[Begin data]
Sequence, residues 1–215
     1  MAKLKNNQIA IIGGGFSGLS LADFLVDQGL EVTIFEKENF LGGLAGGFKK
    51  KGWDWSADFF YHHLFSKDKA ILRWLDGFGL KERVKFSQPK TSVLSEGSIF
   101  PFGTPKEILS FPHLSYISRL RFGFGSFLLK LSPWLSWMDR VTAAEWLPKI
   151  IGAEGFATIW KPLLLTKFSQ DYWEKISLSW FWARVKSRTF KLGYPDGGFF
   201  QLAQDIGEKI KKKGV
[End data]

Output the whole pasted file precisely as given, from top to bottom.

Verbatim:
Sequence, residues 1–215
     1  MAKLKNNQIA IIGGGFSGLS LADFLVDQGL EVTIFEKENF LGGLAGGFKK
    51  KGWDWSADFF YHHLFSKDKA ILRWLDGFGL KERVKFSQPK TSVLSEGSIF
   101  PFGTPKEILS FPHLSYISRL RFGFGSFLLK LSPWLSWMDR VTAAEWLPKI
   151  IGAEGFATIW KPLLLTKFSQ DYWEKISLSW FWARVKSRTF KLGYPDGGFF
   201  QLAQDIGEKI KKKGV